By now I still stick to reading physical books, but due to life being busy its hard to find time to read. I think its somewhat of a godsend, as I can easily be pulled into a book so I read far less than I used to, but that doesn't mean I don't like it, I just don't have time to dedicate to reading through books :)

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johnlukeg profile image
John Luke Garofalo Author

Yeah, I can understand that feeling of getting sucked into a good book. Like anything, it requires a healthy balance! Thanks for sharing :)

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citizen428 profile image
Michael Kohl • Edited

Been a big reader ever since I learned reading 😀 In 2008 I did a sabbatical and ended up reading even more than usual and after that committed to reading at least one book per week, a habit I'm still maintaining now. Let's connect on Goodreads:

goodreads.com/user/show/4413367-mi...

Note: obviously books have varying lengths, so 1/week is not the greatest measure. According to my Goodreads stats I read between 13-19k pages per year, but I also listen to audio books.

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rjmoise profile image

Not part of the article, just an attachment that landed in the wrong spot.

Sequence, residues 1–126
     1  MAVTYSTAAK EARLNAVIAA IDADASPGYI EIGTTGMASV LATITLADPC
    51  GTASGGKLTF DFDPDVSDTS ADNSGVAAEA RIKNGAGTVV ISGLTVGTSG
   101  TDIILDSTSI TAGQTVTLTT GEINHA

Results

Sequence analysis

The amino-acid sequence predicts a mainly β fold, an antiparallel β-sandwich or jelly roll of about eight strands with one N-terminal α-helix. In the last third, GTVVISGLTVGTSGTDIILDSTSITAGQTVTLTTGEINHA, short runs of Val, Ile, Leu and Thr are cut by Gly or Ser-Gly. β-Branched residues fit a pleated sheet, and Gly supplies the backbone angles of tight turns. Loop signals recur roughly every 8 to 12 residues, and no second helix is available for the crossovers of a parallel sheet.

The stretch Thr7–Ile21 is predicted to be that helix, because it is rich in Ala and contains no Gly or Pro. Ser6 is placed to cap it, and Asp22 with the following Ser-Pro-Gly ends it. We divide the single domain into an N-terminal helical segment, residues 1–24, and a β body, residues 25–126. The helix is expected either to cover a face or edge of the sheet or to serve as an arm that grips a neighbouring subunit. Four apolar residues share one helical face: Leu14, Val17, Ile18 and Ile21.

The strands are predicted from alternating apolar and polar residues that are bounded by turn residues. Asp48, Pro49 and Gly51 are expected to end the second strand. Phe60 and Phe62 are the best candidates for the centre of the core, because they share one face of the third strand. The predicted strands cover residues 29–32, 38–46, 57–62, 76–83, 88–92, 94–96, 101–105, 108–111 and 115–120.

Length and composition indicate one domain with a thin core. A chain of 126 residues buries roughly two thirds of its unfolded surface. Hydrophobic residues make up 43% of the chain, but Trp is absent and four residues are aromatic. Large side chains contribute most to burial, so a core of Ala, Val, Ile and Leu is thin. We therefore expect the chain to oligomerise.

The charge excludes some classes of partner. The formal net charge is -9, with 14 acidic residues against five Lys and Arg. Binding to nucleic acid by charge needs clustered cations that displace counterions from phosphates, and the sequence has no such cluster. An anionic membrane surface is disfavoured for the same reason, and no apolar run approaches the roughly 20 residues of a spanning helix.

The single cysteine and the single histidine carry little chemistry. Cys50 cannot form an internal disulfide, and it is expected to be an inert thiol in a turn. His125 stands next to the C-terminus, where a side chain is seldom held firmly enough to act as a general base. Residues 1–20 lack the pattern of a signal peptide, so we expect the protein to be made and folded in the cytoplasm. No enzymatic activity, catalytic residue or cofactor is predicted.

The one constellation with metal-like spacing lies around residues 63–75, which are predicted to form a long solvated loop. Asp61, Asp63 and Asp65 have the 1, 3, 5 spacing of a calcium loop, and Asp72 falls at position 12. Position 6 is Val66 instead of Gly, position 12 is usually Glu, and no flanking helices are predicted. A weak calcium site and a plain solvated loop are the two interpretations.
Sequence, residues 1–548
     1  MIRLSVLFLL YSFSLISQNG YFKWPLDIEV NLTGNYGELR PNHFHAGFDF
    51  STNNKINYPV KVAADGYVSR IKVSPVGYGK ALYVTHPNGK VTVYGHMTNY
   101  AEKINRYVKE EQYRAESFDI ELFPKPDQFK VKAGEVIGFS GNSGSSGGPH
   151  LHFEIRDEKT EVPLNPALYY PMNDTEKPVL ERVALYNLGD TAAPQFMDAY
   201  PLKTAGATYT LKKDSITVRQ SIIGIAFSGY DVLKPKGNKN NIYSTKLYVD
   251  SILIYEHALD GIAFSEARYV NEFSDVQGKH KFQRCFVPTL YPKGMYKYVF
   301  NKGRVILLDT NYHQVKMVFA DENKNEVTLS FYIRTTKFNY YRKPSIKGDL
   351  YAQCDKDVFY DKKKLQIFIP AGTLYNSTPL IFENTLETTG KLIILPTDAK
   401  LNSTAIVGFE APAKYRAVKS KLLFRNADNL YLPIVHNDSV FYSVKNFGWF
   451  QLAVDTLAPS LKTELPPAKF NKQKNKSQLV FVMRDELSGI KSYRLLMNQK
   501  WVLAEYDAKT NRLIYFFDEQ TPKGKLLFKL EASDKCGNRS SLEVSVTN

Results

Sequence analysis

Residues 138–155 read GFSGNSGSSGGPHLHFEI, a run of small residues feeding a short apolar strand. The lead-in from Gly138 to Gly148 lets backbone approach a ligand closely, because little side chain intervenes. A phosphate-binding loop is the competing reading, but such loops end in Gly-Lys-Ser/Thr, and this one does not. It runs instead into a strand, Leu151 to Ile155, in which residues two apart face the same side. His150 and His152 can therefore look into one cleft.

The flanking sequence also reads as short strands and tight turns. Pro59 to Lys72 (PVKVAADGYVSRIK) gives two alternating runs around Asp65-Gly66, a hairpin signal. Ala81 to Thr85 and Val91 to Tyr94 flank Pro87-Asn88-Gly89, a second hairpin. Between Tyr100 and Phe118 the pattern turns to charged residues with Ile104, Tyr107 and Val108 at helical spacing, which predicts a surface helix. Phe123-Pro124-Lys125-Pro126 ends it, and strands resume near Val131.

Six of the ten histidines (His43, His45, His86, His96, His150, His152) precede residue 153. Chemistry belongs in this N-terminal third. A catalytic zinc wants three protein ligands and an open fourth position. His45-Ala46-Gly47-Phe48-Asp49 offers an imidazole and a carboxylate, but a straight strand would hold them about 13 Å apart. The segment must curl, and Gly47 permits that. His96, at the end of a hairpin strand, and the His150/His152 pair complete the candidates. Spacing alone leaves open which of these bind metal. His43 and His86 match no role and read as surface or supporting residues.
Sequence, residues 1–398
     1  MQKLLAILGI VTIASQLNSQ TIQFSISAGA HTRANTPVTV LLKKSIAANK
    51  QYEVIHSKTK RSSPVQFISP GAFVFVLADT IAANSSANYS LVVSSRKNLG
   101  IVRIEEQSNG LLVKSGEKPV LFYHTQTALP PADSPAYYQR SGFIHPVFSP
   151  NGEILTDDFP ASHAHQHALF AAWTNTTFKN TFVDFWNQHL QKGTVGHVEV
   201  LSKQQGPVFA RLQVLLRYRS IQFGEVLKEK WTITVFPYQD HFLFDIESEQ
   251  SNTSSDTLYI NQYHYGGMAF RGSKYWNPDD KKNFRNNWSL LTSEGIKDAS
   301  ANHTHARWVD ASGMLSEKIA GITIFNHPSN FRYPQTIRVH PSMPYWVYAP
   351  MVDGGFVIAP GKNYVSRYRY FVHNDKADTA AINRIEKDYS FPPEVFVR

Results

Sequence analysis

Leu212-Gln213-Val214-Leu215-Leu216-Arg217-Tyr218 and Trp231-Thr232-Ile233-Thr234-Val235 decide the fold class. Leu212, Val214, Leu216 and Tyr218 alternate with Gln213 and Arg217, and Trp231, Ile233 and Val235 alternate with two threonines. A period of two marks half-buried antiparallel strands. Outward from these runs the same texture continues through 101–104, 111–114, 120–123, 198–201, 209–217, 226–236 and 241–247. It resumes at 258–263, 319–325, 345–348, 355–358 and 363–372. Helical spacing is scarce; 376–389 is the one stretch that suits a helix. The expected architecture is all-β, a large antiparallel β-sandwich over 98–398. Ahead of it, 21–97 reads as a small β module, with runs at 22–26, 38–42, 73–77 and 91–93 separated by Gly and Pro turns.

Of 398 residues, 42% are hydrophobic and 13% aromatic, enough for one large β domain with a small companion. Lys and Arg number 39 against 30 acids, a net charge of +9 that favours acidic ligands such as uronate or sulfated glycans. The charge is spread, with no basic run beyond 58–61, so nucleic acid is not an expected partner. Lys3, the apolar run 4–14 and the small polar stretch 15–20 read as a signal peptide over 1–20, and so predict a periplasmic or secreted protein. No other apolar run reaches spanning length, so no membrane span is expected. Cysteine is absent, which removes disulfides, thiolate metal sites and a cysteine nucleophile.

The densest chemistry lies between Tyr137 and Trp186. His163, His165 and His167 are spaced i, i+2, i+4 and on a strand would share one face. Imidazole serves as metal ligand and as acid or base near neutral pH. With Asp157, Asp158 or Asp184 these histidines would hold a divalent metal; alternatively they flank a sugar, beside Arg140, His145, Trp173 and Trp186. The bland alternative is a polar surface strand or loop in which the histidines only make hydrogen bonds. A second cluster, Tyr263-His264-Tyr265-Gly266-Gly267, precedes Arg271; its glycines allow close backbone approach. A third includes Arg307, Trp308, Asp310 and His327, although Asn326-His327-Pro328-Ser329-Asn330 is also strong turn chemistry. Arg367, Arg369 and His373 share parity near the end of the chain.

Ryan • Edited

The obvious question I find myself asking after reading this is...what books do you recommend!? And also, do you think it makes a difference if the books are comics or novels?
When I was in my early teens, before high speed internet hit our part of the world I would read through books like no tomorrow. Now that I am done college, working, and have a family it is much harder to dedicate a good evening to reading a book. I do read comics here and there. Now that I have a son on the way it got me to thinking how I'd get him to read books when he is ready instead of always gaming like I have fallen into doing.

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johnlukeg profile image
John Luke Garofalo Author

Great questions!

what books do you recommend!?